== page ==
who, will visiting his brother, Mr. Michael Heffernan, N.T., Castleisland, that
first solved this mystery of the Shanahan tomb. Father Heffernan and a
Castleisland friend thoroughly cleaned off the fungoid growths on the slab
bearing the Latin inscription and found the following —

“Ecce Nunc in Pulvere Dormiant

Job 7.21″

“Behold now I sleep in Dust.”

Darby Shanahan of Knockahip and
Glounsharoon and his brother Edmond of Castleisland the present owner’s father,
must have been grand-nephews of the first recorded Parish Priest of
Castleisland since the Elizabethan proscription of the Catholic Church in
Munster. The Diocesan Records do not even contain the name of this
mid-eighteenth-century pastor of East Kerry. Fr. Maurice Fitzgerald, who was
appointed Parish Priest in 1781, is the first recorded P.P. of Castle-island,
after a long blank in these records.

So for East Kerrymen this discovery of
the burial place of their oldest Parish Priest is unusually interesting and

When I was writing the chapters on the
past parish priests of Castleisland in my “History of East Kerry,” I
had only the mural records in the Parish Church to rely on; and these parish
records only carried us back to the days of that grand old Sagart of the
Diocese of Kerry, Fr. Maurice Fitzgerald, who became pastor in 1781. I did not
know of Darby Shanahan who, early 200 years ago, preceded Father Maurice as
Parish priest. As Fr. Maurice Fitzgerald presided over the parish for the long
period of 49 years, and as he was ordained in 1774, we may assume that Father
Darby Shanahan was in charge of his then extensive parish for 20 or 30 years,
which would carry us back to near the middle of [missing]

[missing] was given to Edmond Shanahan.
As Archdeacon O’Leary was called “Father Darby” by his parishioners,
we see that in our list of Castleisland parish priests we have now two Father

This Edmond Shanahan, a near relatives
of Fr. Darby Shanahan’s, must have been a bachelor; for when dying he left
annuities to all the Shanahan families of East Kerry, or least to five of them
– to the Shanahans of Castleisland, Shanavalla, Knockahip, Kilcusnin and

The Thatched Chapel

Very probably it was this Father Darby
Shanahan who built the “Thatched Chapel” in Castleisland – the first
since old St. Stephen’s Church was confiscated by Queen Elizabeth’s.  Undertakers towards the end of the sixteenth
century. Before this thatched chapel made its appearance, the hunted priests of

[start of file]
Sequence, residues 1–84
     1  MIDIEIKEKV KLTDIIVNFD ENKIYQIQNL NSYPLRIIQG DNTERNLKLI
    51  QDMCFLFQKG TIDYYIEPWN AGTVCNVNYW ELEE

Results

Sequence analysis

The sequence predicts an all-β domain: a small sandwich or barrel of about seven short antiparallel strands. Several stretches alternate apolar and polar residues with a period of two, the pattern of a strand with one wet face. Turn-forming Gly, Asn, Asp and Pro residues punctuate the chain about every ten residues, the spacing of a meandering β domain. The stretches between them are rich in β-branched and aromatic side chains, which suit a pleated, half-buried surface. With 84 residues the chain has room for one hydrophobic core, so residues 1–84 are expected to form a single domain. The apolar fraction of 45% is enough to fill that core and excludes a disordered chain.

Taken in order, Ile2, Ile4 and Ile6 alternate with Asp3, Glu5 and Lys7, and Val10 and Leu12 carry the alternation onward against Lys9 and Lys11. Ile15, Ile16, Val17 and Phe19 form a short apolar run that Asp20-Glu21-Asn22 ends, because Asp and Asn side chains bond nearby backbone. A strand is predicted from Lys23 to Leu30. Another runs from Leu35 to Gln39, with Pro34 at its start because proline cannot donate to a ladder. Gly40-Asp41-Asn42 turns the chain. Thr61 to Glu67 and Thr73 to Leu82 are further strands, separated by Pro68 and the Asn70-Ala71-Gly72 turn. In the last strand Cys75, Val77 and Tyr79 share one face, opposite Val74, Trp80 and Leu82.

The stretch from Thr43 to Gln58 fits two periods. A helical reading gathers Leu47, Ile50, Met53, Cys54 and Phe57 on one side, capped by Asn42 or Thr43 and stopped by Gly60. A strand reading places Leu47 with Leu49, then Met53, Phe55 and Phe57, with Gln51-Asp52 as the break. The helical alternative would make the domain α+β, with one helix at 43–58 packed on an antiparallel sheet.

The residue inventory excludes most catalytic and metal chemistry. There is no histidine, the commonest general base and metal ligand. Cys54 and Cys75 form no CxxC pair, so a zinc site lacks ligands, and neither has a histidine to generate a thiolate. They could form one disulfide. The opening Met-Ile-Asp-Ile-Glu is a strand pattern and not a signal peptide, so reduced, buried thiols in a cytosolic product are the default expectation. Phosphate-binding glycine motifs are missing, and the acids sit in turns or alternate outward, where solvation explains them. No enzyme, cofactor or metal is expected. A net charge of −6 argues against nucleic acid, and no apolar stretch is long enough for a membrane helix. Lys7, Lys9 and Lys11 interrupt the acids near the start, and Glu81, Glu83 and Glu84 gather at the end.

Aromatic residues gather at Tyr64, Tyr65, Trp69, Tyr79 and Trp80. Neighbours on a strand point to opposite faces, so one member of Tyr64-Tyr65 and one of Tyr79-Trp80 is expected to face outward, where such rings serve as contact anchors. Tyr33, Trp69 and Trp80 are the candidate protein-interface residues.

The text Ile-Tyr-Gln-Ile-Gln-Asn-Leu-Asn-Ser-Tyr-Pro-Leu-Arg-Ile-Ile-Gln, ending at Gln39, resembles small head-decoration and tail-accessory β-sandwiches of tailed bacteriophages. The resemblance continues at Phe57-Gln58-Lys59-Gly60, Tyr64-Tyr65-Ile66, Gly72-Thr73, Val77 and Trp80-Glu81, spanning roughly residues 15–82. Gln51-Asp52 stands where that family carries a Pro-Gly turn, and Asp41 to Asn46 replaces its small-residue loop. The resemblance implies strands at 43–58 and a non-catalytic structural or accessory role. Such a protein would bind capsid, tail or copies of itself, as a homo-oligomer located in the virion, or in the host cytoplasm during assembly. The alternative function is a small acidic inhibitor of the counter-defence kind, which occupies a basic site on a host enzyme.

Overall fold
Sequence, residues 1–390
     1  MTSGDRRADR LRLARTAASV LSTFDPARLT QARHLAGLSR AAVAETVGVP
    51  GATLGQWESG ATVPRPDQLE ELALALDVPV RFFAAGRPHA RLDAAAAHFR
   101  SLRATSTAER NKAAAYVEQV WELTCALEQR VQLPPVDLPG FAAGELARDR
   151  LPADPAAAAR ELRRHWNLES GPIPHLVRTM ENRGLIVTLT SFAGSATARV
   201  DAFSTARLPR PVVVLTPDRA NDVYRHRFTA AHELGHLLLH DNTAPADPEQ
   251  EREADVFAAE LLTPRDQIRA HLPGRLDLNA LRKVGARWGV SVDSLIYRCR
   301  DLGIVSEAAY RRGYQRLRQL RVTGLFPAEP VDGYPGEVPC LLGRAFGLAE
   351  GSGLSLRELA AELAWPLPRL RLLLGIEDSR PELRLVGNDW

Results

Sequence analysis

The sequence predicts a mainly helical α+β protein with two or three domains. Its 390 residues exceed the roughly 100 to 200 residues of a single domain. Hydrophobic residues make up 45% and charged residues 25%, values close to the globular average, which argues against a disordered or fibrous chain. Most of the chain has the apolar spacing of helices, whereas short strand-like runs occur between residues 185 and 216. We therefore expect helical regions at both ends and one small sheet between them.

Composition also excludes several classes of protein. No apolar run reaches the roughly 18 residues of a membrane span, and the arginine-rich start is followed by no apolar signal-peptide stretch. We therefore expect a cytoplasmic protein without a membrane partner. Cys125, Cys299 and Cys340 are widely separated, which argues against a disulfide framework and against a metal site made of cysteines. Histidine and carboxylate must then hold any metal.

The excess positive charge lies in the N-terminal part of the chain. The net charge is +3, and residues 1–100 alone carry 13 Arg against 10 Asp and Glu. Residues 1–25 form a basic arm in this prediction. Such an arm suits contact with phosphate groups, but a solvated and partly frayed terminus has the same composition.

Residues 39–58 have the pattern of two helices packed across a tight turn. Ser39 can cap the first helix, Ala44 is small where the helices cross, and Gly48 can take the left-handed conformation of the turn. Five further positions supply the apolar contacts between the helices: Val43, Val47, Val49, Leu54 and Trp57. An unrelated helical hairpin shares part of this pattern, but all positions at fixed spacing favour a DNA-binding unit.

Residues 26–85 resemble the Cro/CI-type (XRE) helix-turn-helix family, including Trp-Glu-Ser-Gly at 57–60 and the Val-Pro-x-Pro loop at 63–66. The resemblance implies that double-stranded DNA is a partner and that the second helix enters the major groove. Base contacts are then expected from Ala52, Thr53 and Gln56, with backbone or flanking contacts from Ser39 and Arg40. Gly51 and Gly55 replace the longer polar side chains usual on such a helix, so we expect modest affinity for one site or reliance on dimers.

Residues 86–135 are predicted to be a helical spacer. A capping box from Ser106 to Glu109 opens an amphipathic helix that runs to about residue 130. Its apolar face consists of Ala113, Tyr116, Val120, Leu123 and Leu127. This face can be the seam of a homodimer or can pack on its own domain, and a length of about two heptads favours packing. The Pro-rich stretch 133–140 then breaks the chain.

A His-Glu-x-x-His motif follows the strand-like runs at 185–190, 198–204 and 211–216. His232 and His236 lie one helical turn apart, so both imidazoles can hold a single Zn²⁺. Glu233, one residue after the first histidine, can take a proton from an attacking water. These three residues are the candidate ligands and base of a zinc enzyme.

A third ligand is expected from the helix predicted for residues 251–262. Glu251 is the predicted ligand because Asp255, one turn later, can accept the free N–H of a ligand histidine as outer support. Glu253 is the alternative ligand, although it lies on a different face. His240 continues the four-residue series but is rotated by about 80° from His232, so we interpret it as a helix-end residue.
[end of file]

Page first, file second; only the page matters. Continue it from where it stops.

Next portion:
the Penal Days said Mass in the “Glounanaffrins” or Mass Rocks of
East Kerry at Gortglass, Foyle ..hilip, and Gloun [missing]

[missing] worshipping in a splendid
Parish Church with its massive arches of marble, its pillars of polished
granite, its beautiful stainglass windows, its magnificent high altar, and its
tower and spire point to heaven; while the remnant of the descendents of these
alien lords less than a score, are worship-ping without ostentation in a
decaying building.

Father Darby’s Tomb

The old tomb of Fr. Darby Shanahan’s,
although not built, as we have seen, in the 11thcentury, is one of
the oldest tombs in the St. Stephen’s graveyard. Close beside this old tomb the
remains of the late Rev. John Donovan, S.J.M.A., the defender of the Gospel of
St. John against the attacks of our modern pagan rationalists, lies buried in
his grandmother’s grave. This grand-mother of the learned Jesuit Father, Mary
Shanahan, was a neice of Fr; Darby Shanahan. Had Father Donovan known that his
remains would lie so near his 18thcentury kinsman, it would please him to think of his burial
so near the tomb of [missing] Parish Priest [missing]

[missing] in the [missing] nearly worn
[missing] which then became a perfect figure 1. The O became a naught and the B
a 6; so at one glance one had the date 1067. The 21 was so worn down that it
looked like quota-tion marks.

Father Heffernan opened the Bible at
Job. Chapter , and in verse 21 he found the translation of the Lation quotation
on the tomb – “. . . now I shall sleep in the dust, and thou shall seek me
in the morning, but I shall not be.”

This wall around the burial ground, was constructed in a way which discourages idlers and sitters on walls.